My crew at Spoken Word Camp at Santa Fe School for the Arts & Sciences this summer. Poetry by Merit, Sina, Alicia, Nicholas & Annie (College Teaching Assistant) below. I MISS YOU GUYS!

Merit http://youtu.be/jIG8fzz25Yo

Sina http://youtu.be/XgpTaR1tsfU

Alicia http://youtu.be/fY7ea8GBQmg

Annie http://youtu.be/0h0doOHRQm4

Nicholas http://youtu.be/klrh-qMvq9w

And check out the team’s Ekphrastic Poetry Video too! They picked the pics and they poemed the poems.

http://youtu.be/hXngq5G0tRU

From NY to NJ to NM … beats, bards & baked goods in Santa Fe
A night of poetry with a pair of world traveling hip hop scholars at the home of the Big Pun Waffle
for immediate release – What happens when you put together a native New Yorker with an affinity for baked goods (bordering on obsession) with a hip hop theater expert and a poet laureate? You have to go to Momo & Company at 5:30pm on Friday, May 24th to find out!
New York native Leslie Thompson is one-half of the genius behind Santa Fe’s only gluten-free bakery and Boba Tea bar. With a menu that is as entertaining as delicious, Leslie is known for flavoring the names of some of her lunch and menu breakfast items with her love for hip hop culture. Thompson’s relationship with hip hop is not limited to her naming of her newest breakfast item after the late, platinum selling, Latino, hip hop pioneer Big Punisher; she also is a good friend of renowned hip hop theater director, choreographer and scholar Daniel Banks, PhD.
A Santa Fe resident, Banks has served on the faculties of the Dept. of Undergraduate Drama, Tisch School of the Arts, New York University, and is currently on the faculty of the M.A. In Applied Theatre at City University of NY. The co-founder of DNAWORKS and co-director of Theatre Without Borders, Banks has worked extensively in the U.S. and abroad, having directed at such notable venues as the National Theatre of Uganda (Kampala), the Belarussian National Drama Theatre (Minsk), The Market Theatre (Johannesburg, South Africa), the Hip Hop Theatre Festival (New York and Washington, D.C.), and the Oval House (London). Banks and Thompson had been conspiring to put literature in the air for some time at Momo & Co., however it would be the intersection of another Northeasterner that set their plan into action.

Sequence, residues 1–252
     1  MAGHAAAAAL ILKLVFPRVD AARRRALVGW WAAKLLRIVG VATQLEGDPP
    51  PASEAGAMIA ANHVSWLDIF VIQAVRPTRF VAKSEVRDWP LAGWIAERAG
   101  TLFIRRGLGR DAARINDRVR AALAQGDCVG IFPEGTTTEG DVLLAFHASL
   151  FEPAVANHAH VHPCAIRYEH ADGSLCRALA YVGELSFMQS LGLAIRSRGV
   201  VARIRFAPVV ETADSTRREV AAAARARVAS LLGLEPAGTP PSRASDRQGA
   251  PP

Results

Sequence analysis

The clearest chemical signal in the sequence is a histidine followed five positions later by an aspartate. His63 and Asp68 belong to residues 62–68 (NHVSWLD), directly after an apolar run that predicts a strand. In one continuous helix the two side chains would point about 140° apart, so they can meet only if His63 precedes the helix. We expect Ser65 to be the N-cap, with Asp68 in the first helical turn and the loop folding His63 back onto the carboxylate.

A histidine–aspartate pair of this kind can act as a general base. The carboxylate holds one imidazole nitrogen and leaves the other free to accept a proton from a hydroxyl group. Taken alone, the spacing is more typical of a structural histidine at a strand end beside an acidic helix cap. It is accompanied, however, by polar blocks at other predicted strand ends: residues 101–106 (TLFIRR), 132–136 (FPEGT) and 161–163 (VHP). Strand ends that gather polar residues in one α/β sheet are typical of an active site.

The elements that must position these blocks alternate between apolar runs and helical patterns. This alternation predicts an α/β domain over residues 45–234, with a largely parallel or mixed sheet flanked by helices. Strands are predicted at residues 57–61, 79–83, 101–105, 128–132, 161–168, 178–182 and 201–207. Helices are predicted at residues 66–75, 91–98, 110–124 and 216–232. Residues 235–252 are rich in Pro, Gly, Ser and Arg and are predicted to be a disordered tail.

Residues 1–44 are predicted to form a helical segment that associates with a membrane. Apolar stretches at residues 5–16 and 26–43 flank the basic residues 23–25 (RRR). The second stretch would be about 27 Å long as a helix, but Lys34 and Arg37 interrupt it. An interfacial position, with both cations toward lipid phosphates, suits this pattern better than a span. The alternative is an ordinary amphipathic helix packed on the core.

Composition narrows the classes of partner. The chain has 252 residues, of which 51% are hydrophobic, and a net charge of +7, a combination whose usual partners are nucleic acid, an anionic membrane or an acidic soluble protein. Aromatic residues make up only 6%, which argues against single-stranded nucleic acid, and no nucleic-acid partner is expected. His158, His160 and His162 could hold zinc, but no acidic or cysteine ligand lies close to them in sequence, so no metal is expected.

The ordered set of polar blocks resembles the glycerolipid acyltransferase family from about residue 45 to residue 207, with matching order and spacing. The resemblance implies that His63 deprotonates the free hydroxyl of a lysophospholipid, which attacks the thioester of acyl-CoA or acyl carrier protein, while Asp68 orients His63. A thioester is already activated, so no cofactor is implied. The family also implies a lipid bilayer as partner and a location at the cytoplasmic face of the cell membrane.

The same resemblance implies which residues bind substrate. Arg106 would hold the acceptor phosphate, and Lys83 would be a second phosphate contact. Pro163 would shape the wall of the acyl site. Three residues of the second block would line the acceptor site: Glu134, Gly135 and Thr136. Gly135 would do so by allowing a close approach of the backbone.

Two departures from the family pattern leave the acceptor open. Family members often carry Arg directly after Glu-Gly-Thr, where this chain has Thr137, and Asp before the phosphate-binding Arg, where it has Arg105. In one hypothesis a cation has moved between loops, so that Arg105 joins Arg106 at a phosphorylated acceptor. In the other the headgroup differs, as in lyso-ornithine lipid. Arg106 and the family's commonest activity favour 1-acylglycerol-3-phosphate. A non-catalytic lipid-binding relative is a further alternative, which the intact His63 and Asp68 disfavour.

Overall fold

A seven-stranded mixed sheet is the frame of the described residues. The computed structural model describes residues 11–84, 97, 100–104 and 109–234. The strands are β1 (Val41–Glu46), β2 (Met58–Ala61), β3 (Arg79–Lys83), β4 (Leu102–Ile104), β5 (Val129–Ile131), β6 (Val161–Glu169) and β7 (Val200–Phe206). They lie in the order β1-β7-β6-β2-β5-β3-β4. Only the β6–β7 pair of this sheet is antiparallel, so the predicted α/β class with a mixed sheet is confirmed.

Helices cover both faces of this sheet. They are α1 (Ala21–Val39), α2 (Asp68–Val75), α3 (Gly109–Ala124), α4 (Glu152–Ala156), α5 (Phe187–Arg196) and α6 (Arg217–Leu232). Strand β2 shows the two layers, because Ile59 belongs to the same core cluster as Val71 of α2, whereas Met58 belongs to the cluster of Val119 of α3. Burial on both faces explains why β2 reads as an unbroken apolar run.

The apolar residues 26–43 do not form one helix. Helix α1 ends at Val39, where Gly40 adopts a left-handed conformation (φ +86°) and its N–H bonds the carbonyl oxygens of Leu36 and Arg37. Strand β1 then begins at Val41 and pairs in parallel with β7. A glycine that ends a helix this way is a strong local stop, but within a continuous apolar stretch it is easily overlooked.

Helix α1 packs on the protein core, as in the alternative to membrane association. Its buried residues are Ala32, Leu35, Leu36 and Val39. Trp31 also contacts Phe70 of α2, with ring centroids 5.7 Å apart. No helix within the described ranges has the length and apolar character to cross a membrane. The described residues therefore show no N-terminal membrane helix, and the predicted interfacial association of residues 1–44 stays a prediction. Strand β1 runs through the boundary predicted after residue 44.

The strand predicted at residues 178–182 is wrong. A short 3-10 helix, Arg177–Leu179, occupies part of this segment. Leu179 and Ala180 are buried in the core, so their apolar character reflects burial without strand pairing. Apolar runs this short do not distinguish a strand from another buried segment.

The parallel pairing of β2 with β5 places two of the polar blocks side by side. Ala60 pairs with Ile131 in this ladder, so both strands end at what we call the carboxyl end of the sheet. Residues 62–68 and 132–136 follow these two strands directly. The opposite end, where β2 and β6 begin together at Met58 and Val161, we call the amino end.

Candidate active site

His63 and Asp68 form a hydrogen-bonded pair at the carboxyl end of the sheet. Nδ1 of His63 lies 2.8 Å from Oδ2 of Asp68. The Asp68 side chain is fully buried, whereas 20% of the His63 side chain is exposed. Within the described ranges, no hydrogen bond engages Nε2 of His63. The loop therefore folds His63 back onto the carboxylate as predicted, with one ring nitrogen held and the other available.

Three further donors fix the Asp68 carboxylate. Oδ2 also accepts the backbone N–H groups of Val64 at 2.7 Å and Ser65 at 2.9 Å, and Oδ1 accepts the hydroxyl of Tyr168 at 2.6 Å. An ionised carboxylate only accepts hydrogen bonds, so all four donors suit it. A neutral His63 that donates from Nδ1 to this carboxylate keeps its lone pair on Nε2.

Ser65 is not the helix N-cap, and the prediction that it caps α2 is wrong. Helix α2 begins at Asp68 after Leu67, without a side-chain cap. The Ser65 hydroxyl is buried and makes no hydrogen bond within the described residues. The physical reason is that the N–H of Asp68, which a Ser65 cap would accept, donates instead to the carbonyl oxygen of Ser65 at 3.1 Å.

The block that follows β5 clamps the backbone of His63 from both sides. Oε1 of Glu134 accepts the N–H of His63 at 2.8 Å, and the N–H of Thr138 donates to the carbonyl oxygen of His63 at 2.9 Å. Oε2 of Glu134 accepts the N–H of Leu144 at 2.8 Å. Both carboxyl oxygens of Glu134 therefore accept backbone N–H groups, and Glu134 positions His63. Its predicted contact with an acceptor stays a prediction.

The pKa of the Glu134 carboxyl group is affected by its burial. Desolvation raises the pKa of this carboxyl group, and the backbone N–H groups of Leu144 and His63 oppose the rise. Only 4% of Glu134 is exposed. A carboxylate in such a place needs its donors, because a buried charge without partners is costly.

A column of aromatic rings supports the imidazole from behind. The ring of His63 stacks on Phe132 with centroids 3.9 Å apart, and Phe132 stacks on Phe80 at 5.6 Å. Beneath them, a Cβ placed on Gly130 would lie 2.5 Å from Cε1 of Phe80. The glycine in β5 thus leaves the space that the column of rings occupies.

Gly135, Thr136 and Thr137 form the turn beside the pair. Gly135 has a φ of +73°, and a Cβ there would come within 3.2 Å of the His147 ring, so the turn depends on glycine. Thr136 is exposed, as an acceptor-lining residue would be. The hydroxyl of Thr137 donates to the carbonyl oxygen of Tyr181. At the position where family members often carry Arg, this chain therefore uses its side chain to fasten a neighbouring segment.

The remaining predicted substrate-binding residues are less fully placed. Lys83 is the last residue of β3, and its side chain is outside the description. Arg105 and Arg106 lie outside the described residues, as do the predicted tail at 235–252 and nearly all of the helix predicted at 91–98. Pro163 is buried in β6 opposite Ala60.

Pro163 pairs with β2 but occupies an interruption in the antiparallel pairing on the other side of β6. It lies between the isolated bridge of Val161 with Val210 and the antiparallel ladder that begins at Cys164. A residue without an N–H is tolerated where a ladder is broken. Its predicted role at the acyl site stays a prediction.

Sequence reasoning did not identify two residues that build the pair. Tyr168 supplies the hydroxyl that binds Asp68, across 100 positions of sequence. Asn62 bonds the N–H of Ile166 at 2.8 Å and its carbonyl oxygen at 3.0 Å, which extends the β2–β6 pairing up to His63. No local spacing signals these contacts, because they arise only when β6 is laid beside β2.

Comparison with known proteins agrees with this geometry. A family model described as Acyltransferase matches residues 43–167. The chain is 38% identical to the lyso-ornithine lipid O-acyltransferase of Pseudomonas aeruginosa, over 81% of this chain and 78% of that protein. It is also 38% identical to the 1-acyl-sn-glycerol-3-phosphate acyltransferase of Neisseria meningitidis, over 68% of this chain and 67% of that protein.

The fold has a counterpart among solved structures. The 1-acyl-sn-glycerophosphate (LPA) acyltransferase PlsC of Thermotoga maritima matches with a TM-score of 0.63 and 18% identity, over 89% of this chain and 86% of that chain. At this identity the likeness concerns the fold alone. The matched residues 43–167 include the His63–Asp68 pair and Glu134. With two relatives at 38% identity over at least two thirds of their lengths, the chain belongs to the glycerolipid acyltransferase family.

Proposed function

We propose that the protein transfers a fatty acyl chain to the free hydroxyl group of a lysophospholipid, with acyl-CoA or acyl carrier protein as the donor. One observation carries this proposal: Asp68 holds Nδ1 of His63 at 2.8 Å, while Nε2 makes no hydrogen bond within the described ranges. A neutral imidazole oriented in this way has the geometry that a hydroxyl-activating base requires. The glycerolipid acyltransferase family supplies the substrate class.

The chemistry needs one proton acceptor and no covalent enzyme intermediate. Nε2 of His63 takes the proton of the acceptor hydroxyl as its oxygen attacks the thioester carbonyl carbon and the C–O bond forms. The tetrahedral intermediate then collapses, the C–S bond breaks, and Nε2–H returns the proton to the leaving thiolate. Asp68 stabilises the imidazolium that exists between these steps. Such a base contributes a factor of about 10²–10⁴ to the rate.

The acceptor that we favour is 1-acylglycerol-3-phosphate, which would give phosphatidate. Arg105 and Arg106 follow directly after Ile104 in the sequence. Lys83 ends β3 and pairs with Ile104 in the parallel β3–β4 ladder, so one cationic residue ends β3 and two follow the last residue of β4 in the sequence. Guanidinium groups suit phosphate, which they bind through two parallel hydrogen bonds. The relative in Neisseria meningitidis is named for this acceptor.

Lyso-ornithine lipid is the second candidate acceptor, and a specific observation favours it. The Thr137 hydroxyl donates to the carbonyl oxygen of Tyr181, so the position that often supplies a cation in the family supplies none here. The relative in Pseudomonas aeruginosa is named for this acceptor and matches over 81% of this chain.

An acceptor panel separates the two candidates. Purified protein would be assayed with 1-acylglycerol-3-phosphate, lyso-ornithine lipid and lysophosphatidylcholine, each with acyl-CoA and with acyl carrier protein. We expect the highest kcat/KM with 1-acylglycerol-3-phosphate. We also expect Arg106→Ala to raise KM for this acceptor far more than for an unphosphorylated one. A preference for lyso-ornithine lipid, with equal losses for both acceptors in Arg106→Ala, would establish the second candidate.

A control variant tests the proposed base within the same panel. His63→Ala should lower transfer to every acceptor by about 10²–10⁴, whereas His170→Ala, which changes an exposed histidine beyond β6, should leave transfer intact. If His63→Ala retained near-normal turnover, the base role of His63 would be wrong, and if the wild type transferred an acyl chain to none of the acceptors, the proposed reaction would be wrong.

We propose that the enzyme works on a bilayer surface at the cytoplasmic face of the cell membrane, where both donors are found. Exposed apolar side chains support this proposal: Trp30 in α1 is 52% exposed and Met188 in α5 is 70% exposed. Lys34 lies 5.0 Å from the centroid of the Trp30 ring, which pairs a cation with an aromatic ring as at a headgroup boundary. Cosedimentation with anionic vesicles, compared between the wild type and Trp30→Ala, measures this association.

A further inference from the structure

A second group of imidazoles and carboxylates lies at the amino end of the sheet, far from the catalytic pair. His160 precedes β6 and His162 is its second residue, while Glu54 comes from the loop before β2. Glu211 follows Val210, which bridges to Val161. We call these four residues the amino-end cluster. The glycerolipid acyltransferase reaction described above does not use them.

Banks met Hakim Bellamy in January of 2013, after years of hearing about each other’s shared interests in hip hop and theater in New Mexico. Shortly after Bellamy returned from South Africa, the two met at a Littleglobe Creative Transformation Workshop that Banks was co-facilitating. A Littleglobe affiliate and New Jersey native, Bellamy is also the inaugural poet laureate of Albuquerque. Weeks later, Banks and Bellamy met at Momo & Co. to become better acquainted. Out of that meeting, Bellamy, Banks and Thompson decided to bring every “New” state except for New Hampshire together.
On Saturday, May 25th at 5:30pm Momo & Co. will host a reading of the two authors in Santa Fe. The reading is free to all those who attend and the bakery will remain open with Thompson’s addictive, yet gluten-free confections for sale. Banks and Bellamy will also be signing books underneath the New York City subway signs that adorn the bakery walls. Though Banks will be reading poetry from his soon to be published collection Shades, he will have copies on hand of his recently released Hip Hop Theatre anthology titled Say Word!: Voices from Hip Hop Theater for the University of Michigan Press (available in Santa Fe at Garcia Street Books). Bellamy will read from his new book, SWEAR, by West End Press and distributed by University of New Mexico Press (available in Santa Fe at Collected Works). Both men will host a Q&A and book signing after the free reading.
A week ago, CakeSpy Undercover (ireallylikefood.com) “secret-shopped” Momo & Co. and reported: “While eating gluten-free may be a necessity to some, it need not equal suffering – for anyone. So it makes me so glad places like Momo and Company exist.”
Bellamy, Banks and Thompson feel the same way about poetry. No suffering needed.
###
contact Banks (daniel@dnaworks.org) & Bellamy (tirods@gmail.com) for Interviews & Inquiries

From NY to NJ to NM … beats, bards & baked goods in Santa Fe

A night of poetry with a pair of world traveling hip hop scholars at the home of the Big Pun Waffle